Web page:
More than 30 concurrent sessions and a dozen poster sessions will provide a wealth of practical information on a wide range of topics. Two preconference workshops will also be offered. Starting Thursday afternoon and concluding Friday morning, Rosalyn Metz of Wheaton College will present “Managing Projects: Or, I’m in charge, now what?” The session covers several aspects of project management, including planning, budgeting and implementing. Also spanning Thursday afternoon and Friday morning will be “IT Security for Librarians,” presented by Blake Carver of LISHost. This workshop will give in-depth coverage of ways to stay safe online, how to secure your browser, PC and other devices you and your patrons use every day, in addition to tackling common security myths, passwords and network security, as well as hardware and PC security. -- Read More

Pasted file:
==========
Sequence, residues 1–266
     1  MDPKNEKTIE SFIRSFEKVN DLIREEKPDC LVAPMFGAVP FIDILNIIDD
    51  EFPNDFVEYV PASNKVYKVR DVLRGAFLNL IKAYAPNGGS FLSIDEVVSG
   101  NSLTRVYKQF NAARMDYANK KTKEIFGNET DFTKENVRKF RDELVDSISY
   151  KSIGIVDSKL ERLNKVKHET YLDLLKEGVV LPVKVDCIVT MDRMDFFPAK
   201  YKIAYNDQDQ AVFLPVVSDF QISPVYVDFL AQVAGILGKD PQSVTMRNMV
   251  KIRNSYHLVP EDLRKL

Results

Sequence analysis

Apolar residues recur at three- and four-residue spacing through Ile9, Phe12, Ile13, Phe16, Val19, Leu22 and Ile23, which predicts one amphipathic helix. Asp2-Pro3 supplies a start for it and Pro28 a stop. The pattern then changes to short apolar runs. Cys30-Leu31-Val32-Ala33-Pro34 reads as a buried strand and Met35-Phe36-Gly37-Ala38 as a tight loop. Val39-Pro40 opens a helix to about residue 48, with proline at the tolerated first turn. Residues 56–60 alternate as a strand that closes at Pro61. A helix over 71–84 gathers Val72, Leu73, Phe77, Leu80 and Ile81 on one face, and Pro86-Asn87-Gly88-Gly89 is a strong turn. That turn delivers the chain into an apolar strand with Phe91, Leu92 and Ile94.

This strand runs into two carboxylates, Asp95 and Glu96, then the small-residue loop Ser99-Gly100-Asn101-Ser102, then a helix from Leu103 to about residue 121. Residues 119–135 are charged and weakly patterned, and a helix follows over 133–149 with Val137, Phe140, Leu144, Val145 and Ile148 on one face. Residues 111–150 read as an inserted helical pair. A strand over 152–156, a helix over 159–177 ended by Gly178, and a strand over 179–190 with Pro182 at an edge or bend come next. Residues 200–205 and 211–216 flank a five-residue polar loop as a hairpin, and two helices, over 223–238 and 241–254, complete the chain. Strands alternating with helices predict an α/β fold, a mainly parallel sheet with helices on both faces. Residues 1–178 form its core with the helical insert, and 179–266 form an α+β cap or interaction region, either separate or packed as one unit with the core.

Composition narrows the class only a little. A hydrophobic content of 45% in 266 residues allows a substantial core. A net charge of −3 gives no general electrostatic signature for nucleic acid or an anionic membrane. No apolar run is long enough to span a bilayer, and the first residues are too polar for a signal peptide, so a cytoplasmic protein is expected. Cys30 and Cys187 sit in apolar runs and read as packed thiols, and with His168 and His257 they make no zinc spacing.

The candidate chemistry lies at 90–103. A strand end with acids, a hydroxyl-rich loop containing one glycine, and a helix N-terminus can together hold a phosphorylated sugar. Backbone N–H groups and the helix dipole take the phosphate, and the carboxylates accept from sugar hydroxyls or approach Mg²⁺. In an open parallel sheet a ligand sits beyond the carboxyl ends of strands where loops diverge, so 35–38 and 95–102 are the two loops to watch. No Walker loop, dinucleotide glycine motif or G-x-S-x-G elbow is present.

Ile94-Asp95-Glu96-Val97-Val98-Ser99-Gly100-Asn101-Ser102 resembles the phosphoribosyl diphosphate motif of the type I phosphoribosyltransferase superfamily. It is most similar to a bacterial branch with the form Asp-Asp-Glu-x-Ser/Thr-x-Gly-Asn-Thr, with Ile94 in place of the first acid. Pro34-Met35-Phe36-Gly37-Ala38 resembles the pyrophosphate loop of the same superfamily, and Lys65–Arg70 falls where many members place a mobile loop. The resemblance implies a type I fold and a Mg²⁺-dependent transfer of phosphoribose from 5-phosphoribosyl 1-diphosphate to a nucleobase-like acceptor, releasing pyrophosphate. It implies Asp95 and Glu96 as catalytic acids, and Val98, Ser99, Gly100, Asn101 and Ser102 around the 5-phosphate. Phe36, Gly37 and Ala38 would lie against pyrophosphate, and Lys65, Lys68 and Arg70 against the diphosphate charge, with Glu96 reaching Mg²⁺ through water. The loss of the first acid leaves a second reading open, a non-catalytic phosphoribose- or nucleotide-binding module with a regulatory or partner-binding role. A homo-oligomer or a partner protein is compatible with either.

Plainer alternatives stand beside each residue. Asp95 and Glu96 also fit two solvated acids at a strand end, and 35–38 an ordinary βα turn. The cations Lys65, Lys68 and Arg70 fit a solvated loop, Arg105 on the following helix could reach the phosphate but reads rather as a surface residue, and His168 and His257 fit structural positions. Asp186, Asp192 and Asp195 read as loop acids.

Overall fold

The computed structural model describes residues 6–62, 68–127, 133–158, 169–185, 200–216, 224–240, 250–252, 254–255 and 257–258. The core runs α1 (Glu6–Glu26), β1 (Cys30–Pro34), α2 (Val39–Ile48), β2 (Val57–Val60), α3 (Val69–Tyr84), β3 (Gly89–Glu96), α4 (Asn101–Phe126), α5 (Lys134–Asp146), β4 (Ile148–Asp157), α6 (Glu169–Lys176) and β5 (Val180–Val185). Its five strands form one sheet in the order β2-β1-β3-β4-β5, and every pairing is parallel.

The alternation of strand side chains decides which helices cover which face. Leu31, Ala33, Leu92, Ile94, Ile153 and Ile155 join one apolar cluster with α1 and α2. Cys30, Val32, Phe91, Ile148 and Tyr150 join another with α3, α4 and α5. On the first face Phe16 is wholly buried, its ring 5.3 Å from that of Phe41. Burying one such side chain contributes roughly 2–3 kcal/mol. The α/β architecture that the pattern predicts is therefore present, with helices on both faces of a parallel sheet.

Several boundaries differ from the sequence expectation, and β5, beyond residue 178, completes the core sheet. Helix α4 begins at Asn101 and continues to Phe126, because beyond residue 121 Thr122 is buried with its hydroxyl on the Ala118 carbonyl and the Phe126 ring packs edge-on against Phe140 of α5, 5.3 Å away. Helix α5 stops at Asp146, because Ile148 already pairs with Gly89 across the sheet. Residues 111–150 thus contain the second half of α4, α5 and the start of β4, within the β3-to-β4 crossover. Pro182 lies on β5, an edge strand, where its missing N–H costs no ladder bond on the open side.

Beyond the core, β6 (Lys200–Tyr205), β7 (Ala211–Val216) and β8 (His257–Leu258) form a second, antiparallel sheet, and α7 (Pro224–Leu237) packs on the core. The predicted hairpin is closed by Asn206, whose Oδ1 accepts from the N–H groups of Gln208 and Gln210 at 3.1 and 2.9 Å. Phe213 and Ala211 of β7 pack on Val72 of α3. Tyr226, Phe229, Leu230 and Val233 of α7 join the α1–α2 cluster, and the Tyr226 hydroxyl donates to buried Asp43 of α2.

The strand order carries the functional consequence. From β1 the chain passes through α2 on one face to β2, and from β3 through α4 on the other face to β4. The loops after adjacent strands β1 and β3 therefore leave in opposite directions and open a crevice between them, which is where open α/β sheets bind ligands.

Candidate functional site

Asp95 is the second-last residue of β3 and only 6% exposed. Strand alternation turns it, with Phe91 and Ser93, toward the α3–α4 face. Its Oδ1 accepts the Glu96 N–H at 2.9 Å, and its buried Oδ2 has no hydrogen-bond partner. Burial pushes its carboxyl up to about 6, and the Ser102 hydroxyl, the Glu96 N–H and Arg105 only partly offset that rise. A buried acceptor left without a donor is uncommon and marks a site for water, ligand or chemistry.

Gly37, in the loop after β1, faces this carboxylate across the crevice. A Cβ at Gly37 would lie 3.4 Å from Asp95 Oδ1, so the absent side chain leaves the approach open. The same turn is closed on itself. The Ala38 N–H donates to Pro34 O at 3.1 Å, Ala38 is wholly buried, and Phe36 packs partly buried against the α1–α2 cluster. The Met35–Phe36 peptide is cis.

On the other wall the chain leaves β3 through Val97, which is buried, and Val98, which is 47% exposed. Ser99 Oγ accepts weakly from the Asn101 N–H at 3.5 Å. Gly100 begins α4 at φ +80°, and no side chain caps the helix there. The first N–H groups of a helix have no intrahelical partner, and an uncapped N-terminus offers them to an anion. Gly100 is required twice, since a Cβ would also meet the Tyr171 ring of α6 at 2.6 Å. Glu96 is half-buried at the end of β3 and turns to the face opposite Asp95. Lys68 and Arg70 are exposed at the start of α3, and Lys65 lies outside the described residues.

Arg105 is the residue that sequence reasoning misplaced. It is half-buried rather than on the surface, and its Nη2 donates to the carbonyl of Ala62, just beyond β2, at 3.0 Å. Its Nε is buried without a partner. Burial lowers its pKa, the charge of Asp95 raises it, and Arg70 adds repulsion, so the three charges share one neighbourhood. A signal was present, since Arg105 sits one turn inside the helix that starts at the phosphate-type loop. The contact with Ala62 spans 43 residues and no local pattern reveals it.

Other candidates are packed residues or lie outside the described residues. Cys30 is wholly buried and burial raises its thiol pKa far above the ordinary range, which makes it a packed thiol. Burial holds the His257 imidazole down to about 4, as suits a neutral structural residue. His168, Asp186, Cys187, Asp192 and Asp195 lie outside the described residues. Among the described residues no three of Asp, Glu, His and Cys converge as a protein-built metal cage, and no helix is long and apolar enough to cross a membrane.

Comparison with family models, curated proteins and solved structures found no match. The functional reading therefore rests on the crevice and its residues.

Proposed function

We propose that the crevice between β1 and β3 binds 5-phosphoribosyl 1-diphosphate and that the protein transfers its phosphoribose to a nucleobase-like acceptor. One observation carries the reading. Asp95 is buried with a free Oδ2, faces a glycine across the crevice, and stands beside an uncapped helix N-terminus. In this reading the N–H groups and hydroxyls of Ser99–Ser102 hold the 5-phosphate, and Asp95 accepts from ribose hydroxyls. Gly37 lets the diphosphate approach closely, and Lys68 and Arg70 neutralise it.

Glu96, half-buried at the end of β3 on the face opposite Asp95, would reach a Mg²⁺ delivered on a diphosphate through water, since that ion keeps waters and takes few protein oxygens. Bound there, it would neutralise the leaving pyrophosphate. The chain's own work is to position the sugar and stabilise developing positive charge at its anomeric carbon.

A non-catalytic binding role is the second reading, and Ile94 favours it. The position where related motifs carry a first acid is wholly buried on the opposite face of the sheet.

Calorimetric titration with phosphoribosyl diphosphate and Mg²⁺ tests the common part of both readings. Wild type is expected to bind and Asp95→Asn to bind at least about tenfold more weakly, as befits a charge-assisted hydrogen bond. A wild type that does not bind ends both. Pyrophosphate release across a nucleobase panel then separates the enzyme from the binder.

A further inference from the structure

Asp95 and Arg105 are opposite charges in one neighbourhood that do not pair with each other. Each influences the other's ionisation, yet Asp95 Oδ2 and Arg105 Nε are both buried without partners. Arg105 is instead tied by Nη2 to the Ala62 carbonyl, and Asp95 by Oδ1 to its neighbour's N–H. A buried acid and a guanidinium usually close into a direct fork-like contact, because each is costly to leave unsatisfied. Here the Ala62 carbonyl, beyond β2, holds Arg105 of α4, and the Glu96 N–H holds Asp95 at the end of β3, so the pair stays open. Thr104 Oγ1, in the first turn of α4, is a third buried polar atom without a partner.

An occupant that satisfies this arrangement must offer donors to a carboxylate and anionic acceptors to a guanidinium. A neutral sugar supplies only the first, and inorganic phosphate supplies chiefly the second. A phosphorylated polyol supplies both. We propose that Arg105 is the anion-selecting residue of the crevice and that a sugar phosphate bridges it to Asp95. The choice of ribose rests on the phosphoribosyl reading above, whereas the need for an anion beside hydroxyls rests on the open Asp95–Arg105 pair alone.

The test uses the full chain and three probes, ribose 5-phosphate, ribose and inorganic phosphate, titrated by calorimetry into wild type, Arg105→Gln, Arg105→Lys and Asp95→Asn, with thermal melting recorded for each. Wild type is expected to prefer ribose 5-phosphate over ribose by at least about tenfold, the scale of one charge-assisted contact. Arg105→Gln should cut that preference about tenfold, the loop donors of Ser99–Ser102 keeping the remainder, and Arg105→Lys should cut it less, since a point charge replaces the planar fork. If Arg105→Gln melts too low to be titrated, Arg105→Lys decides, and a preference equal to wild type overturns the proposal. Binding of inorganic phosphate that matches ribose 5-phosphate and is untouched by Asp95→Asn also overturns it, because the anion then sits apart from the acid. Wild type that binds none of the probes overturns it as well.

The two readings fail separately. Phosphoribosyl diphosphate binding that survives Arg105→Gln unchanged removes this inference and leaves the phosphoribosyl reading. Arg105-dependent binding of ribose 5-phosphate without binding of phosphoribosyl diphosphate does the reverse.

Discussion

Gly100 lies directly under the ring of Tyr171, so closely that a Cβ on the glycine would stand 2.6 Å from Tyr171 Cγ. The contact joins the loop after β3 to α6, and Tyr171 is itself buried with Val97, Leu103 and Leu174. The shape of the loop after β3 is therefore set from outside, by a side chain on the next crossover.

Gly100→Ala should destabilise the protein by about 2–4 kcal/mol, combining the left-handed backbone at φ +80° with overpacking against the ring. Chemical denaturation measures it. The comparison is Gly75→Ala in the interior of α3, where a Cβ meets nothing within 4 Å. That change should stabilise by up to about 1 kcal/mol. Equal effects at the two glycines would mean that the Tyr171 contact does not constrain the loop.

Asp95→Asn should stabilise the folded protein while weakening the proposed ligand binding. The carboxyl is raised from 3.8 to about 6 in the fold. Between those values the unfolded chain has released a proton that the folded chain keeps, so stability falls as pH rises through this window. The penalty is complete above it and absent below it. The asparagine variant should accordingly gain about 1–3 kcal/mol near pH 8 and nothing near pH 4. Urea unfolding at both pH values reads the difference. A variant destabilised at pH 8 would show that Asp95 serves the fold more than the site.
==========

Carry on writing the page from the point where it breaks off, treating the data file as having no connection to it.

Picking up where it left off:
This post has its roots in a post from /r/booklists which linked to a blog post about the "Top 10 Top 100 Book Lists". This post linked to 10+ "Top 100" book lists from sources such as TIME magazine, Entertainment Weekly, Modern Library, etc. They were all in such different formats, and such different ways of being presented that I wanted to amalgamate all of these into one master "list" in order to compare them (thirteen lists in total since I also added in the first 100 of the Reddit's 200 favorite books). I have since thrown this into a pdf file on Scribd if anyone is interested. My next step was to compare each of these and see what books are most recommended in top lists. I omitted two lists (100 most influential books ever written and 100 Major works of creative nonfiction) since there was VERY LITTLE overlap between the other lists which were primarily fiction. I made one giant list that combined 11 "Top 100" Book Lists. The complete table, again available as a PDF on Scribd lists all the books I'm the left hand column and all the lists along the top. An 'X' denotes that the book was included in that list regardless of position. The books are sorted vertically by the number of lists in which the book is included.